More than a year ago, the city established a working group to consider what to do with the tower. But the group’s preferred option to keep the iconic landmark proved too costly. Repainting and refurbishing the water tower that features Fighting Farmer Big John comes with an estimated price tag of $722,000, according to the city.
Fundraising efforts have been slow to catch on. So city officials are moving ahead with plans to demolish the tower and instead incorporate the mascot into concrete murals as part of the Texas Department of Transportation’s expansion project for I-35E.
“In the meantime, it’d be nice to leave the water tower up until those were built,” said James Kunke, community relations and tourism director for the city. “But that’s going to take a couple of years to get that project built. And we don’t think the tower has that long as a stable structure.”
He said city officials are trying to determine when the tower needs to be removed.
Evolution of the tower
The water tower was erected in 1960, but the Fighting Farmers logo did not appear until 1973, the year after the city’s first high school competed in the state football championship.
The tower was repainted in 1994 to honor the Lewisville High School football team’s first state championship win in 1993. It was updated after the school’s second state title in 1996.
Michael Odle was a player on that 1996 championship team and is now the high school’s head football coach. He is also a member of the water tower working group.
“It’s been a thing in Texas ... to put football state champions on water towers,” he said. “I mean, that’s just part of being in Texas, right?”
Gary Kerbow, a member of the working group, also has deep roots in the community. He worked for Lewisville ISD for nearly two decades and was a stadium announcer for high school football games. In 1994, he wrote a book about the history of the team titled, “Friday Night Farmers.”
Having the water tower imprinted with the Fighting Farmers mascot “became somewhat of a novelty for people,” Kerbow said. “That’s how Lewisville became known.”
Efforts to preserve the tower
Fast forward to the city’s recent decision to disconnect the water tower from the city’s utility system.
“Frankly, where it’s located and the size of the tower ... it was probably doing more harm than good,” Kunke said.
In early 2020, the city established the working group consisting of Lewisville High School alumni, city staff, a current LHS student and LHS faculty representatives. Their job, as directed by the City Council, was to consider options for a highly visible landmark that included the Fighting Farmers presence in some manner.
In March, the group proposed rehabilitating the tower as a landmark. The estimated cost was $722,000.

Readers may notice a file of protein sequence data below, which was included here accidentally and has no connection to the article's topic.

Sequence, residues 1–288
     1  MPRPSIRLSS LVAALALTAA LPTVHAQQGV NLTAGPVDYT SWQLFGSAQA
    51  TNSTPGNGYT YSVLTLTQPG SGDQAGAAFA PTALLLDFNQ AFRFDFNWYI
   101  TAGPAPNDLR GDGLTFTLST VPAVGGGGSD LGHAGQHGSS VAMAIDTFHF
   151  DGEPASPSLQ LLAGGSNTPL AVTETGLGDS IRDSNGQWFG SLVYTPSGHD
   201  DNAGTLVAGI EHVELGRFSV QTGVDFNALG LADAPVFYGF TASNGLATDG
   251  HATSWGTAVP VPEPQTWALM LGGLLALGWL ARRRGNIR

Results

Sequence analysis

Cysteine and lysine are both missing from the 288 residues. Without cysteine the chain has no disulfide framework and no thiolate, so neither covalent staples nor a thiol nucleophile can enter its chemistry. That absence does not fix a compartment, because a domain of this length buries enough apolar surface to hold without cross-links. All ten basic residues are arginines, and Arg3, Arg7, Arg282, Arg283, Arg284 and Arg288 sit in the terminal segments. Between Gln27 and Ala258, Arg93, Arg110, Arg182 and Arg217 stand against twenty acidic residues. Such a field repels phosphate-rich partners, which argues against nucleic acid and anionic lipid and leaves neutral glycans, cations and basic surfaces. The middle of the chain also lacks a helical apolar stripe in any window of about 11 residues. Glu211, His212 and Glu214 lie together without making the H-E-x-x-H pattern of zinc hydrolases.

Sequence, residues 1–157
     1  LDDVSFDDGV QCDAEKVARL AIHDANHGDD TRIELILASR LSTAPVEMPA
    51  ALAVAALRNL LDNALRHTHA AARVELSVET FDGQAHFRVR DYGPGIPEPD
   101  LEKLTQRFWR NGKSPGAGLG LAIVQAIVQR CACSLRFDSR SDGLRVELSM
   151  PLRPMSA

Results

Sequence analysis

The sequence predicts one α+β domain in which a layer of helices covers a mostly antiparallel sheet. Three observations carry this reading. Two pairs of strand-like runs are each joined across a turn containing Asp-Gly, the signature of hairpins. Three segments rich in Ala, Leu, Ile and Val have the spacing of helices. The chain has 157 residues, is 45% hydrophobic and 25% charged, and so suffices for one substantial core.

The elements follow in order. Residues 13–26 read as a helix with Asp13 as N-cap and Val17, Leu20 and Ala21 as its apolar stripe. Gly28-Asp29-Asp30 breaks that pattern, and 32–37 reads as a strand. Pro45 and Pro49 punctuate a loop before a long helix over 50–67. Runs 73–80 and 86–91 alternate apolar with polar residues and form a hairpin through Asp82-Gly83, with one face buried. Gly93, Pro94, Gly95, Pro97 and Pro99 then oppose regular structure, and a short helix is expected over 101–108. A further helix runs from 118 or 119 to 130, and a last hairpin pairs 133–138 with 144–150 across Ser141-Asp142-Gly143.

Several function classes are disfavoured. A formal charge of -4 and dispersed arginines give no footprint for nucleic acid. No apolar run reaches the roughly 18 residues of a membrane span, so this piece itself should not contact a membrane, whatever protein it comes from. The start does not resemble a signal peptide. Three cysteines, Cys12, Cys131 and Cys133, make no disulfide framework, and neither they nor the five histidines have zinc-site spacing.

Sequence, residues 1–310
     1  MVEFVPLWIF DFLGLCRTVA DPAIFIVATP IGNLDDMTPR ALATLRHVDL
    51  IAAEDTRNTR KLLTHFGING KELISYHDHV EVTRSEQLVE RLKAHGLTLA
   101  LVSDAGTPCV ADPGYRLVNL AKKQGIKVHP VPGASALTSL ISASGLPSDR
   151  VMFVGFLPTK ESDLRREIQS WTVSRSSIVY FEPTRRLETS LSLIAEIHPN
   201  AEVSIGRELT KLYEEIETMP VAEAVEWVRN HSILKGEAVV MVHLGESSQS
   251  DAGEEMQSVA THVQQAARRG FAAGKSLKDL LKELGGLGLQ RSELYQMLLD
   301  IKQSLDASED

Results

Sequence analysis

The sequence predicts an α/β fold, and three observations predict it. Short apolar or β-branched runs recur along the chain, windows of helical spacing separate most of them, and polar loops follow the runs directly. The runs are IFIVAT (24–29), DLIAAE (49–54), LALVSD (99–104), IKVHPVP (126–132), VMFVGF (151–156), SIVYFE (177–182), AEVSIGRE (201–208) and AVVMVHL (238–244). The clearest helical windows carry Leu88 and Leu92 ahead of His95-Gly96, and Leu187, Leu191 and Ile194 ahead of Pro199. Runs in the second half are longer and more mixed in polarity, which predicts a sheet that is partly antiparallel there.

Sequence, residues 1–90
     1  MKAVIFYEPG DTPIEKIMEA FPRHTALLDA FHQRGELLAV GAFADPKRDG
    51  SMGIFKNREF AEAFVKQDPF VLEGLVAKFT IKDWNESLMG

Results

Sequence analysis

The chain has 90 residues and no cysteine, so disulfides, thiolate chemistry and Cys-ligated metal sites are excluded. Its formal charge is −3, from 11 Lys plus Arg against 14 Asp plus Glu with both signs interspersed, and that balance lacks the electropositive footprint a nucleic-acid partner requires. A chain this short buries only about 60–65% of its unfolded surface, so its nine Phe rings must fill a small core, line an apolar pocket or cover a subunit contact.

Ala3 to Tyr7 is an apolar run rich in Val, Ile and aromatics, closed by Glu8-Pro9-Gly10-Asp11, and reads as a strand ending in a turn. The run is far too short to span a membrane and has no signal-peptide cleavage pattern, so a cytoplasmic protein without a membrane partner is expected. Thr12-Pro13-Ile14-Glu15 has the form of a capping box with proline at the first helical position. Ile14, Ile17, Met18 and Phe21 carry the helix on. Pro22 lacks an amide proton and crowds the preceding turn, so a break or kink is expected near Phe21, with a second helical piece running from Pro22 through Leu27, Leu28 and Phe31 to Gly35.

Of that total, $589,000 would go toward repainting the tower. About $25,000 would pay to fill the basin with sand to keep the tower from blowing over during high winds. Another $78,000 would go toward a new LED lighting system, and $30,000 would be used for a lighting control box.
“[The council] had some sticker shock,” Kunke said of that option.
Deputy Mayor Pro Tem Kristin Green said there is a certain nostalgia associated with the water tower.
“But as it continues to age and degrade, that price tag is going to go up, and that’s a huge concern for me,” Green said.
The last time the water tower was painted was 24 years ago. At that time the cost was $210,000. City officials say it costs $10,000 to $15,000 to maintain a tower like that on an annual basis. When the tower was a part of the city water system, the costs were covered through the utility fund, but now that the tower no longer works, the money has to come from the general fund or somewhere else.
In April, members of the working group started raising funds. They never had a firm goal in mind, but hoped their efforts could sway the council, according to Kunke.
“The idea was, if they could get donations or commitments for maybe half the cost from the community, the council might feel more comfortable with funding it,” Kunke said.
The group organized on Facebook under the name “Save the Tower!” and launched a fundraising campaign on www.pledgecents.com. As of June 11, it had raised $3,995.
Committee pitches alternatives
In May, group members again presented the council with their preferred option of keeping the tower. But they also offered two alternatives.
The first would have created a nonprofit to maintain the structure. The nonprofit would need to obtain insurance, cover 100% of all costs and ensure the water tower met city standards.
The group’s third option involves demolishing the tower and incorporating the Fighting Farmers theme into concrete murals as part of the expansion of I-35E at Main Street. The murals would come at no cost to the city and would be incorporated into the existing design.
The tower’s demolition would cost the city utility fund $120,000. The city would also earn between $10,000 and $25,000 in revenue by scrapping the tower’s metal.
“We’ve been looking at this for a long time and just had to compromise,” said Kara Stone, a Lewisville High School graduate and member of the working group. “We need to move forward. We don’t need to go backward. That mural is going to be on the wall forever because that highway is going to be there forever. It’s a great compromise. I believe that.”
Lewisville is exploring the option of salvaging some parts of the water tower, but officials have not heard yet from the vendor whether that is possible, Kunke said. Ideally, the city would wait to demolish the tower until after the state installs the four murals along the interstate, but Kunke said that could take as long as two years.